A Quartet from Loire Valley, France

The Loire Valley has a long history as a wine growing region. The prestige of the area was greatly uplifted because for centuries, French royalty vacationed in their chateaux along the the river and took their favorite wine discoveries back to Paris to share with the social scene there. Fast forward to today, there are now a growing number of true vignerons who have thankfully emerged along the way. Winemakers who changed the game through the worldwide reverence which their wines have received. Here are four of them—featuring different grape varieties and masterful winemaking skills which will shed a whole different light on what Loire Valley wines can offer. How often do opportunities like this come along?

2018 Catherine & Pierre Breton Vin de Pays du Val de Loire Grolleau 

Catherine and Pierre Breton have really made quite a name for themselves through their wines and reverence to organic and biodynamic practices. Many would say, after the Gang of Four in Beaujolais, this couple were among the second wave of naturalists helping to change the game in their country. This particular wine is produced from an eight hectare parcel of clay and limestone with 60+ year old vines of a not too often seen, indigenous Grolleau grape variety. The wine is made via a three week carbonic fermentation in open top wood vats with NO puchdowns or pumpovers and bottled in April, fresh as can be.   It is truly something very unique–fresh, pretty, wonderfully transparent and jovial with a wildly rustic, prominent forest floor/earthy core. What a treat!


2016 Denis Jamain Reuilly Rouge 

Denis Jamain is a real life character who seems to live life with gusto. He is at the same time committed to his vineyards, its resulting wines and approaches both with great respect. This wine is one of two Pinot Noir bottlings which he produces from his clay limestone soil parcels. Pure, mesmerizing and all about the mineral of his vineyards, rather than just another Pinot Noir. It is quite amazing how this is masterfully captured in the bottle. Please also know it was just a couple of decades ago, when this grape variety would ripen here only two vintages out of ten, at least enough to produce such a wine.


2014 Charles Joguet Chinon “Clos du Chêne Vert”

It wasn’t that long ago, when very few in the U.S. even heard or considered a red wine from the Loire Valley with any kind of seriousness. There are after all so many other options to consider, especially at the various price points. For me that changed with the 1976 vintage and a wine I had from a then small, unknown, artist turned artisan wine producer named Charles Joguet. His wines definitively showed another perspective on what Cabernet Franc could be and so differently than what Bordeaux had to offer. Today, this estate is one of the true icons of the region and deservedly so. When the historic, most revered Chêne Vert parcel came up for sale, Joguet somehow scraped together the monies to purchase it, gambling everything at the same time. This roughly two hectare vineyard is for me the center piece of Joguet’s portfolio AND one of the unique, standout red wines from all of France. Here is your chance to try the 2014.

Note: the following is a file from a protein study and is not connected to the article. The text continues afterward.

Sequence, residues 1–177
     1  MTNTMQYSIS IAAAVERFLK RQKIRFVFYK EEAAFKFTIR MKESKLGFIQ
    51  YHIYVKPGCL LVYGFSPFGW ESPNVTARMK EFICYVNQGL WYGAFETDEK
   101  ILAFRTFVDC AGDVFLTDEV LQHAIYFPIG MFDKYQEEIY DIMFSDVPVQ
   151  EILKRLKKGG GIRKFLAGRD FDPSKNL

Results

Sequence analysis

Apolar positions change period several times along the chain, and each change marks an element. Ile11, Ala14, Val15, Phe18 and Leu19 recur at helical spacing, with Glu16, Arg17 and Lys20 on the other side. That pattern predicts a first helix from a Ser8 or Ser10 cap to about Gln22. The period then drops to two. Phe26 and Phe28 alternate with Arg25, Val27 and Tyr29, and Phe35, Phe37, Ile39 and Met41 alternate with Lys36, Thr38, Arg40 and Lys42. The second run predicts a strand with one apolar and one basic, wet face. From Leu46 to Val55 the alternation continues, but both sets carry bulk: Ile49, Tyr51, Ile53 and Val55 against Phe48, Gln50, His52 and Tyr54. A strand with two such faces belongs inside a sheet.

2014 Brégeon Muscadet-Sèvre-et-Maine

Muscadet Sèvre-et-Maine used to be a light, rather neutral, crisp white wine, which was favored for raw oysters on the half shell. The wine’s slight salinity would join in with the oysters innate brininess and the crisp edge would act as a squeezed lemon would. That all changed when Michel Brégeon came on the scene, a true vigneron.

Michel Brégeon is part renegade, part crusader, and full-blown terroirist. Over the years, he has become an ardent defender of the Muscadet-Sèvre-et-Maine terroir, the most highly regarded of the four appellations in the Pays Nantais. Thanks to his deep understanding of the nuances of the land, he plays the game much differently than the region’s caves cooperatives and negociants, who produce en masse and lose the subtlety of the appellation. Tthe domaine comprises 10 hectares of vineyards in clay, silica, and gabbro soils. Gabbro is old, blue-green, volcanic rock, rarely found in vineyard land. Formed by magma eruptions under the ocean floor, it is said to impart intense complexity to the domaine’s wines. His corner of the Muscadet-Sèvre-et-Maine, Gorges, is particularly known for this rock, and all of Michel’s vines are planted in it. Though Muscadet (made from the Melon de Bourgogne grape) has been commonly known to produce young, fresh wines, (even those that spend a few months sur lie), Michel has broken the mold, keeping some of his wines on the lees for as much as seven years! He ages these wines in subterranean glass-lined cuves. In his mind, ­the longer they stay there, the better. The unexpected freshness and depth of these older wines has silenced many a skeptic”.

We poured this wine last, because of it profound minerality.

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